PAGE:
Thinking of a typical downtown area, most imagine the red lights and traffic jams, tall skyscrapers and people rushing from place to place. For Calgarians this image rings true but for those living just fifteen minutes south of the city, ‘downtown’ takes on an entirely new meaning. But what happens to Okotoks’ small downtown when the winter blues set in?
Downtown Okotoks, better known as Olde Towne Okotoks, exists as one street lined with dozens of unique places to shop and restaurants to grab a bite to eat. It does not have any commercialized restaurants like Starbucks or Tim Hortons, but has small mom and pop coffee shops that draw you in with enticing promises of the world’s best latte.
The bitter smell of freshly ground coffee fills the street, cut by the sugary sweetness of fresh scones coming out of a local restaurant oven. The soft sounds of classical music are often heard as a small brightly painted piano sits waiting for passerby’s to play a tune on its ivory keys.
The shops themselves are entirely unique, and can satisfy any frivolous desire from clothing to home décor and everything in between. There are no major shopping conglomerates bombarding you with cheaply made products, but attractive storefronts displaying enticing deals, and original handmade pieces.
The hustle and bustle doesn’t hold the same magnitude of a large metropolitan area, but the tranquility and simplicity envelops the Town, which makes it feel like a small get away.
Walking down the street it is easy to identify that this quaint area is different from a typical downtown core. Some of these businesses even reside in old buildings dating back before the Towns official beginning on June 1, 1904.
A shop called ‘Rumple Quilt Skins’ is in a large worn out red brick building with large windows exposing the one-of-a-kind quilts inside. A barely legible painting advertisement for the old General Store is proudly shown on the side of the building, the once vibrant blue background now more of a faded grey with half of the paint chipped off due to years of wear and tear.
One particularly intriguing building is the Heartland Café, which according to its website was originally a Baptist church built in 1902. The outside still looks like a church with pointed arches framing the stain glass windows, and inside you can still see the elevated platform where the Pastor would conduct mass.
Some places, like the British Chippy, even set up shop in old houses to provide an unprecedented Olde Towne adventure. Owner Simone Hodkinson also owns a location in Calgary, and says being in downtown Okotoks has provided customers an experience they can’t find anywhere else.
“The ambience is different. You are in an old house so there is some heritage and character. You are not in a typical Canadian strip mall so there is more charm, more history and definitely more ambiance having the restaurant in Okotoks.”
The downtown provides not only customers with an improved experience, but business owners as well.
“I mean in Calgary we are just a small fish in the big sea of Calgary, whereas in Okotoks we play a much more active role in the community,” says Hodgkinson.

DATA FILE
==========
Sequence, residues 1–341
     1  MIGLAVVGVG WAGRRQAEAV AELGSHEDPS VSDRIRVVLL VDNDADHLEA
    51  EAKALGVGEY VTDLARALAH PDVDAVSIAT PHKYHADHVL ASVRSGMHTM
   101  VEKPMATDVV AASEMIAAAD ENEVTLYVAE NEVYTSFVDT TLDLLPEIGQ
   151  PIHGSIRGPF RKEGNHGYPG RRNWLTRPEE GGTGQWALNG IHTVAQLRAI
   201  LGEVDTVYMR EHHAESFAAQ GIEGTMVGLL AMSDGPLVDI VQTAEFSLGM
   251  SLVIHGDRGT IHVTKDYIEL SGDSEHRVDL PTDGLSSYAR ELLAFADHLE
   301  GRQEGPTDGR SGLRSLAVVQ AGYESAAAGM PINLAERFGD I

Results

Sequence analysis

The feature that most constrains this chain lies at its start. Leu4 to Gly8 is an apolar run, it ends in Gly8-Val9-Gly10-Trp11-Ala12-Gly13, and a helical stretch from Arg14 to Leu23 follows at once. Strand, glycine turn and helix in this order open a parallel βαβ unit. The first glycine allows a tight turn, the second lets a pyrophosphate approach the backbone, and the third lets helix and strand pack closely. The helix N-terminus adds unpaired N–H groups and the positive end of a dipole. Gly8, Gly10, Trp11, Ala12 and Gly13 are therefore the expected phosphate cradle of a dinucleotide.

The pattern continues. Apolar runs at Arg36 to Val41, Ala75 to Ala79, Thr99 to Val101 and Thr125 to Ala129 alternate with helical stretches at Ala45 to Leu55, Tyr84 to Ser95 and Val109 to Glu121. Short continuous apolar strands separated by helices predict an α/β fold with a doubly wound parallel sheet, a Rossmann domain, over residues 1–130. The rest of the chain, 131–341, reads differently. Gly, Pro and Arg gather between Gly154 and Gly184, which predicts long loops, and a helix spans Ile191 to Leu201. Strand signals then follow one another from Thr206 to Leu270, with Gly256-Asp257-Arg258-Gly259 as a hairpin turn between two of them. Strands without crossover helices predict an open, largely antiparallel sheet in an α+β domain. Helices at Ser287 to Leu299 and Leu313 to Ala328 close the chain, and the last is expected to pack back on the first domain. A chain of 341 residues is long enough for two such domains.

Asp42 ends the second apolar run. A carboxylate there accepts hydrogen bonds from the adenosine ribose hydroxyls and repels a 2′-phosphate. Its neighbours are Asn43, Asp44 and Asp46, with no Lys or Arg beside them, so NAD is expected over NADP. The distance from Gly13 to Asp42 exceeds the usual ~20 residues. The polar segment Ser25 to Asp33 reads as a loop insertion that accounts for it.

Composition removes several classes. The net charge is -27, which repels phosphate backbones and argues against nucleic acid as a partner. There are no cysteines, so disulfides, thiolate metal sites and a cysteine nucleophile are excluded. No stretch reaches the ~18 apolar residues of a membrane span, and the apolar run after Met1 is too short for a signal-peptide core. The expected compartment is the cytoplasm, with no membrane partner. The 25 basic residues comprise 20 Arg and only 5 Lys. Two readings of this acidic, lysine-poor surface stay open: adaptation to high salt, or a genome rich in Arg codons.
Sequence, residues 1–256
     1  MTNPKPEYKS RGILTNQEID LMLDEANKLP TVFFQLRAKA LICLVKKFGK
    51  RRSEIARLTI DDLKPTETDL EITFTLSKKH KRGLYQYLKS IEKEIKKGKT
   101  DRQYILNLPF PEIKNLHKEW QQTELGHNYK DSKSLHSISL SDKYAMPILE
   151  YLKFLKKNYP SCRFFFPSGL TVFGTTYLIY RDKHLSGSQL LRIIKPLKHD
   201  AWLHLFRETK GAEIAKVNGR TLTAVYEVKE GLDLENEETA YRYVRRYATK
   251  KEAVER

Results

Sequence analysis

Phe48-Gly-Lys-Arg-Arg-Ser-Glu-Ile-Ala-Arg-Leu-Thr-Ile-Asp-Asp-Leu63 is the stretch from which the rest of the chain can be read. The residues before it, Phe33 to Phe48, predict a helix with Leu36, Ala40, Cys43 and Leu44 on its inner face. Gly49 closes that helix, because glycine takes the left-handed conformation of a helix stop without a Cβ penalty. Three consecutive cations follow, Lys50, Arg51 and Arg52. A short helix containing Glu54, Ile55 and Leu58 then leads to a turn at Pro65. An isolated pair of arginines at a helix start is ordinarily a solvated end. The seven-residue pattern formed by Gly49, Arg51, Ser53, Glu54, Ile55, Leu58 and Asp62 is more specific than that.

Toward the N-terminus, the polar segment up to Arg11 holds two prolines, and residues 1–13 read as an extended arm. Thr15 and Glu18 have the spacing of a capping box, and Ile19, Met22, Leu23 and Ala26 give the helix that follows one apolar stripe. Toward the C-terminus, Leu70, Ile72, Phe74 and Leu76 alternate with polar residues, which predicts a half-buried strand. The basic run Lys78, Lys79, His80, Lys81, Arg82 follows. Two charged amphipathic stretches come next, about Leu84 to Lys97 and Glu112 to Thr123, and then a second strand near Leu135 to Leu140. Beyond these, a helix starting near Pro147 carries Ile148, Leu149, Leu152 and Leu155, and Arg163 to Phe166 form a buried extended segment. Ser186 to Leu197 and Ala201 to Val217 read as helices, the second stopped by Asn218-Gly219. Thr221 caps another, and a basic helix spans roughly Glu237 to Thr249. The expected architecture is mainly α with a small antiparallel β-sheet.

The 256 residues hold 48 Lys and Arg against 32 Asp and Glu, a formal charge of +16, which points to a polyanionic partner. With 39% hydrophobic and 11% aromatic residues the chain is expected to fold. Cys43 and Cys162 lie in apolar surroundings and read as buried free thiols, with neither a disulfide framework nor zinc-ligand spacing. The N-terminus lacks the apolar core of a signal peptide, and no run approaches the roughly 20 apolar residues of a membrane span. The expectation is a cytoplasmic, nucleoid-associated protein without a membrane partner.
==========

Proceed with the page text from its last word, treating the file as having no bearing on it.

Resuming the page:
“We sponsor local teams, we donate constantly to silent auctions and raffles and all the schools and the teams , it’s definitely more of a community feel.”
In the summer, the downtown is constantly filled with people walking down the street visiting the shops and stopping for a coffee or a little lunch on the way. Patios are buzzing as people talk, laugh and clink their drinks together in the warm sunshine.
High school student Raechelle Patricio says that downtown Okotoks is one of her favourite places to visit in the summer.
“It’s very vibrant and I love everything about it. I love how kind of old timey it looks, and everything has something going on down there, especially in the summer.”
The charm and chill vibes aren’t the only thing that drive people to visit downtown Okotoks, the Town often puts on events to attract people to visit.
These fun filled events are certainly a driving factor in urging people to come and visit downtown Okotoks. Hodgkinson notes these events help attract the traffic that keeps her business doing well.
“We rely on outside traffic — we rely on the Calgarians coming into Okotoks and on a lot of through traffic coming in the summer months,” says Patricio.
However, as the events slow down and warm summer days shorten into frosted winter ones, traffic gradually tapers down as well.
“We first opened in the summer and it was booming it was ridiculous it was crazy,” Hodgkinson recalls, “and then the winter came and we were like what have we done wrong, what’s happened? You lose 50% of your trade because there are no Calgarians coming through anymore.”
With the cold setting in, Patricio says that the downtown could offer a few more events to encourage people to brave the cold.
“They could add a lot more lights, make everything a lot more extravagant. And make new celebrations in the winter.”
Although the downtown struggles to keep people coming in the winter, Hodgkinson says that once the warm weather is back, so is business.
“It’s the weather, people just not travelling when our winter comes. And of course we have no events happening December. January, February, March and then it all kicks in again and it’s all great.”
Editor: Megan Atkins-Baker | email@example.com